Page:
The worst kind of introduction is perhaps the most common: “Open your Bibles today to . . .” Most teachers who use that kind of introduction have an attendance problem.

This kind of introduction assumes people are interested. Happily, some of them are. I would be. If you used that introduction with me, I’d be fine with it. I’d gladly give you my attention to discover what the Word says in that particular passage.

But, the truth is, most people wouldn’t be that interested. Most people are not staying up nights thinking, “I wonder what John 11 is about.”

Consequently, people don’t give you their full attention. They might look like they are paying attention. They are polite. But their mind is only half there. They are giving you what Linda Stone calls Continuous Partial Attention.[1]

Effective Bible Teachers want more than continuous partial attention. They want full-bodied, all-out attention. They want people on the edge of their seats. They want people to be fascinated by the gospel. Fascinated. Literally, their attention fastened. A good introduction is where that starts.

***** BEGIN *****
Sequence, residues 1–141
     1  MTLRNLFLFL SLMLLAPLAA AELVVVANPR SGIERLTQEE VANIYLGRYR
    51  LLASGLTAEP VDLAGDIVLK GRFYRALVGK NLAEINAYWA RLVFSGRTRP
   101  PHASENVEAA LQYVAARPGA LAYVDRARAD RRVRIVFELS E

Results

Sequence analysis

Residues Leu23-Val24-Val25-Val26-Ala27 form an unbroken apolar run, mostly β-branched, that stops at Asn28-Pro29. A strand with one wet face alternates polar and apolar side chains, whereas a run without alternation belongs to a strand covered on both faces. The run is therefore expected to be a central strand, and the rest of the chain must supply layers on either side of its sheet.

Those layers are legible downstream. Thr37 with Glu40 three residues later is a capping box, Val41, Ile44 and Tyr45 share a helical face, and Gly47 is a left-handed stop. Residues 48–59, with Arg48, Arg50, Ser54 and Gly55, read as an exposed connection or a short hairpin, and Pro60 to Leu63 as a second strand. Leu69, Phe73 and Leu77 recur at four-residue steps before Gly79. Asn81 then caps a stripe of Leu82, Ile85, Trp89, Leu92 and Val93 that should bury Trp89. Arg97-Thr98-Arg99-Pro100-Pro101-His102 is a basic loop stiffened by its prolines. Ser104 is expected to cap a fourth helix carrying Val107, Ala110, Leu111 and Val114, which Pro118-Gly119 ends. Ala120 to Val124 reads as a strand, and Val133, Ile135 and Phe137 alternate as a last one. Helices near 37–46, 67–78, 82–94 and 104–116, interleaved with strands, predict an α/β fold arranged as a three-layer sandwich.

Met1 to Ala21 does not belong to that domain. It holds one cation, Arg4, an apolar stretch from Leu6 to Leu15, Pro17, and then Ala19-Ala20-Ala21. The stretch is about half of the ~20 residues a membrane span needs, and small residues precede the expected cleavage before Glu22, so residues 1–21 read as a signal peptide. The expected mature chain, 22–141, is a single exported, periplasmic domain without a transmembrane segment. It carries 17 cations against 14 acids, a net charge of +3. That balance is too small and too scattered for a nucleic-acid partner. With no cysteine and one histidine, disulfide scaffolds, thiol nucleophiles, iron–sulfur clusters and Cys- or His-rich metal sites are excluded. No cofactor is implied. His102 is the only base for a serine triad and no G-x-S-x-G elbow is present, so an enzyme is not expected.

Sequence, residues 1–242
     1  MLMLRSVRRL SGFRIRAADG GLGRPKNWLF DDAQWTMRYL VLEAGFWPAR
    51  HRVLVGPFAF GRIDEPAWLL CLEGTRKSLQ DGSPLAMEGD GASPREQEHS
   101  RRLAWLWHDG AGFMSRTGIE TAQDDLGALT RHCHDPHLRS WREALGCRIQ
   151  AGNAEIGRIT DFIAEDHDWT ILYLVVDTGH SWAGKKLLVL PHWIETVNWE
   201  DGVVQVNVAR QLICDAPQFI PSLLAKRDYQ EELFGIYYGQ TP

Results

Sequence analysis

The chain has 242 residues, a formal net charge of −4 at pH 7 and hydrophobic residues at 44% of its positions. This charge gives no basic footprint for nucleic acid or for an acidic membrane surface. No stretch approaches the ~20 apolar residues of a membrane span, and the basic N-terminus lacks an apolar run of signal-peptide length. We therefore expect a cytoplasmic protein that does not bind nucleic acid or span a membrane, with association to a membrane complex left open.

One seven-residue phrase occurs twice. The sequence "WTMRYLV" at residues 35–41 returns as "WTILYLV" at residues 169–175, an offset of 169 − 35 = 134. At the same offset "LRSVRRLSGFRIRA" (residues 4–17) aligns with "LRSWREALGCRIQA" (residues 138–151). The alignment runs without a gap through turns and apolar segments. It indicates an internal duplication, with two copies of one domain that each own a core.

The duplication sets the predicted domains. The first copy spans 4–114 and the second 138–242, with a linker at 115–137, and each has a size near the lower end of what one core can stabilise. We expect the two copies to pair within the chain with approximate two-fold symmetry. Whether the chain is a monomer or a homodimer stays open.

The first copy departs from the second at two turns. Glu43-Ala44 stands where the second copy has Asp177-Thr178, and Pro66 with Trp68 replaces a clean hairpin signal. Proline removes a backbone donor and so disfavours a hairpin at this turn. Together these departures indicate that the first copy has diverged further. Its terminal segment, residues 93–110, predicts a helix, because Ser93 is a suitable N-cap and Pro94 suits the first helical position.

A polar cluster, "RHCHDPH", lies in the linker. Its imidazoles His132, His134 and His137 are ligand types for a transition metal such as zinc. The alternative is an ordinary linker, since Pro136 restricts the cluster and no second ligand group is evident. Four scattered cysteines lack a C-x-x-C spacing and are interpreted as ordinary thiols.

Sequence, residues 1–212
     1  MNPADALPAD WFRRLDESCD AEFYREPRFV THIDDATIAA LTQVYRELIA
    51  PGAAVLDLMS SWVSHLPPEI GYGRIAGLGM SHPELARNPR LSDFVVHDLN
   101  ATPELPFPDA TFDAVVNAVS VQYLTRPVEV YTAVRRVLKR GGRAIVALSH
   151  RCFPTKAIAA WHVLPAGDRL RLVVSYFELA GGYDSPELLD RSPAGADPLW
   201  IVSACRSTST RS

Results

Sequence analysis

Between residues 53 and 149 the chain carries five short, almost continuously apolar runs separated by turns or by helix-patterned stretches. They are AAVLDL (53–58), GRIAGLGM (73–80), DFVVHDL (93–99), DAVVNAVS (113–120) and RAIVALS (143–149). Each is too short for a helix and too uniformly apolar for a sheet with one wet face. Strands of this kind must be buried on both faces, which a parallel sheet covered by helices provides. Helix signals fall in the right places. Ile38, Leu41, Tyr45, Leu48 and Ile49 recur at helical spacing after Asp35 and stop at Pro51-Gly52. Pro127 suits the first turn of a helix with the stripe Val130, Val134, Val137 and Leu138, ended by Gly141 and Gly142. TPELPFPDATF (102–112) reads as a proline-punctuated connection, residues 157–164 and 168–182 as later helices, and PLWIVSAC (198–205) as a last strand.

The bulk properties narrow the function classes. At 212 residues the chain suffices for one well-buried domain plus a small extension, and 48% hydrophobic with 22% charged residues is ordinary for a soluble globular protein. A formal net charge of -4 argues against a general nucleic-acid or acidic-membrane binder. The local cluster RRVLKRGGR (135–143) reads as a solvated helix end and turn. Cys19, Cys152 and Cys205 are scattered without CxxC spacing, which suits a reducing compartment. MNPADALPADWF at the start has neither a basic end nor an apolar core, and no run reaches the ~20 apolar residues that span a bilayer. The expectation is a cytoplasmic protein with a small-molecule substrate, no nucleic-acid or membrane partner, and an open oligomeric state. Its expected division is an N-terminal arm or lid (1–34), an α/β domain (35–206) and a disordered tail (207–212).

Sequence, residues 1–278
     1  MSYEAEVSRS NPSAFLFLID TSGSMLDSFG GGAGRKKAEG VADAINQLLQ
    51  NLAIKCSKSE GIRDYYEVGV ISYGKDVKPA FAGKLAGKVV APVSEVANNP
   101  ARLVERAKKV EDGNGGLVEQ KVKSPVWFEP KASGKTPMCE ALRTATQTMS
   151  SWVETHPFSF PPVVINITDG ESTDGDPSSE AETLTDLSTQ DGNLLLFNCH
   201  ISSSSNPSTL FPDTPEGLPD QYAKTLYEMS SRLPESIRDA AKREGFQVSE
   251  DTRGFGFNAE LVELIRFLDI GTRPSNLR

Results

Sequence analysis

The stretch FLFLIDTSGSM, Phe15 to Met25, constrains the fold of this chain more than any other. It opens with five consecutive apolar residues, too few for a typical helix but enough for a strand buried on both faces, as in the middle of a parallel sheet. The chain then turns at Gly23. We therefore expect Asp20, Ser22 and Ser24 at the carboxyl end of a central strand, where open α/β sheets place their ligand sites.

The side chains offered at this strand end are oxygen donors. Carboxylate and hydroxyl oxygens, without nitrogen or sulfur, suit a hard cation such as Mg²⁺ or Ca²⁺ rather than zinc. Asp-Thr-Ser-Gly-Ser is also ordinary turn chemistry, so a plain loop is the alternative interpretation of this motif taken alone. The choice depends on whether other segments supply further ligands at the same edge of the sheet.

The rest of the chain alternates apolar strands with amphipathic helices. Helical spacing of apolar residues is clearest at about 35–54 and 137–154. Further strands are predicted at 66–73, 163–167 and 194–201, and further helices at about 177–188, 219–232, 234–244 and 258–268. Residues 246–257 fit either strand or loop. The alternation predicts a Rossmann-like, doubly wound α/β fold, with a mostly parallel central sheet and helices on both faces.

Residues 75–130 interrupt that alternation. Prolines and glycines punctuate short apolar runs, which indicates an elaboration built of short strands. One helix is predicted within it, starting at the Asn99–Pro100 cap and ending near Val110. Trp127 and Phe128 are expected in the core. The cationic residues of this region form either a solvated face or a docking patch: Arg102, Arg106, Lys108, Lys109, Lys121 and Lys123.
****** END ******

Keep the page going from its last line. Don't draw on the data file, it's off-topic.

The Pre-introduction

Often, although not always, I use an introduction before the introduction. This is about rapport building. This is about connecting. This is about being human.

It is talking about the local high school football game. It is giving an update on the surgery. It might be talking about the weather or the latest news. It is about letting them know you are human and live in the same world as they do.

I am a big fan of video teaching. But, there are some things video can never do. Video cannot connect like a human can. Before you break open the Word, say hello.